Friday, November 12, 2010


Among the parades and ceremonies marking veterans day there goes a group of veterans long unrecognized by the Department of Defense and forgotten for their sacrifices during World War II among all other armed conflicts in the History of the United States. Below is a reminder on this veterans day of the service merchant seamen provided then and now in national defense.

1 in 26 mariners serving aboard merchant ships in World WW II died in the line of duty, suffering a greater percentage of war-related deaths than all other U.S. services. Casualties were kept secret during the War to keep information about their success from the enemy and to attract and keep mariners at sea.

Tuesday, November 9, 2010

Checklist for the Suez Canal

There are several unique preparations that must take place before transiting the Suez Canal. Rigging the Suez Canal light would be one of them. The light is a very large singular headlight like device designed to emit a split beam of light from the ships bow. It is a requirement for any vessel transiting the canal though I have not once seen it used nor has anyone I have worked with.

What if the ship were not to have one? Then the Canal Authority would gladly rent a light with a team of electricians to accompany, rig and operate it if for once in a century the pilot needed to see the bank of the canal at night.

Other preparations include readying lines in case we have to moor in the canal, rigging the gangways to accommodate the canal pilots, they refuse to use the standard pilot ladders, filling a cabinet full of candy and marlborough reds and collecting the crew's stash of porn.

While the cartons of cigarettes are very necessary to ensure a smooth, successful and happy transit when dealing with inspectors, pilots and agents, the porn collection is the captain's precaution in case any of the port states we'll be visiting in the Mid East decide to go Sharia on us and inspect the crew quarters.

Monday, November 8, 2010

Through the Strait

The presence of land is easily belied by a stiff offshore breeze. This is normally the case when sailing through the Gulf of Cadiz, the outlying waters on the western approach to the Strait of Gibraltar. After twelve days of the odorless salt tang of mid ocean the scent of trees and pollen is remarkable. It almost leaves a taste on my tongue and has my imagination working out what Portugal looks like, a place I would love to visit.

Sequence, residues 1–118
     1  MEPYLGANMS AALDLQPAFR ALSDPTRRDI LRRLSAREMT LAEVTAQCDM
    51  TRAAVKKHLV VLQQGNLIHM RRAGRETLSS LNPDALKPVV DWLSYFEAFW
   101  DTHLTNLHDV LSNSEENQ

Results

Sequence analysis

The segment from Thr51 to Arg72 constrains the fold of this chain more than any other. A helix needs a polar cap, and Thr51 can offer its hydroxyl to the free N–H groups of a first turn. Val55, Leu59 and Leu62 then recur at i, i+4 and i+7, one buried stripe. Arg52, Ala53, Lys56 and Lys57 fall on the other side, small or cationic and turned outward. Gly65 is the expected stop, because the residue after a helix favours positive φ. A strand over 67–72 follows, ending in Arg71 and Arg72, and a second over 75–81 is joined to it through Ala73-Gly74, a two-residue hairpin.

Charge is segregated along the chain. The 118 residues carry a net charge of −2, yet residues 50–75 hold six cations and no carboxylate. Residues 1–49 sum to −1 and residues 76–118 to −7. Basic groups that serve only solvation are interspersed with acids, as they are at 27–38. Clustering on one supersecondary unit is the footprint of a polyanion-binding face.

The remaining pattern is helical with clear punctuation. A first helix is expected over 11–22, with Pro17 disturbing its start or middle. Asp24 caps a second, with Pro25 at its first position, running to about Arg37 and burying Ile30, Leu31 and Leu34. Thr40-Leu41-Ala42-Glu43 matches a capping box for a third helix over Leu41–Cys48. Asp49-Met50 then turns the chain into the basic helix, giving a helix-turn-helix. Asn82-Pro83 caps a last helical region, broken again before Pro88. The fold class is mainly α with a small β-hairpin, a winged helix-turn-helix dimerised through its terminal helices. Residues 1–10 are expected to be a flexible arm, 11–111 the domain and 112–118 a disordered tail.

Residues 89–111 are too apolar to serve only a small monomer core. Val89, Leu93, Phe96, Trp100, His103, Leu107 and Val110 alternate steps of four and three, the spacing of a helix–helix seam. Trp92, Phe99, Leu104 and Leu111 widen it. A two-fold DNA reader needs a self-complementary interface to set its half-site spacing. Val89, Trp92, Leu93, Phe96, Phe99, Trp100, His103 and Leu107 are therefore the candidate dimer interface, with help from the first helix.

We increased speed last last night from our "Economical" 89 main engine revolutions per minute to 91. An increase of only 3 RPM provides an additional 2 to 3 knots so instead of making 17 knots we're now up to 20. The Captain did this to avoid a low pressure system forecasted to move over the coast of Brittany walloping the Bay of Biscay. This is of concern to us because the northeastern quadrant of the low would be left offshore propelling a huge swell and wind wave down the coast of Portugal and into the waters we're passing through. Instead of chancing an encounter it seemed more prudent to speed up and tuck into the Mediterranean before the system moved any further to the south.

Unfortunately for our fuel consumption running a few RPM higher than economical means burning an additional 30 tons of fuel per day! Because this is such a large vessel with a massive engine the fuel consumption is dramatically higher than any ship I have worked on before. The increase in speed (RPM) vs. fuel consumption is an exponential curve not in global warming's favor. Still I'll stand my ground when anyone harangues me for working on a boat that burns over $50,000 dollars of fuel in one day at full sea speed because waterborne transportation is the most efficient means of transportation period. And for anyone who didn't know, the diesel engine is the most efficient internal combustion engine of all time.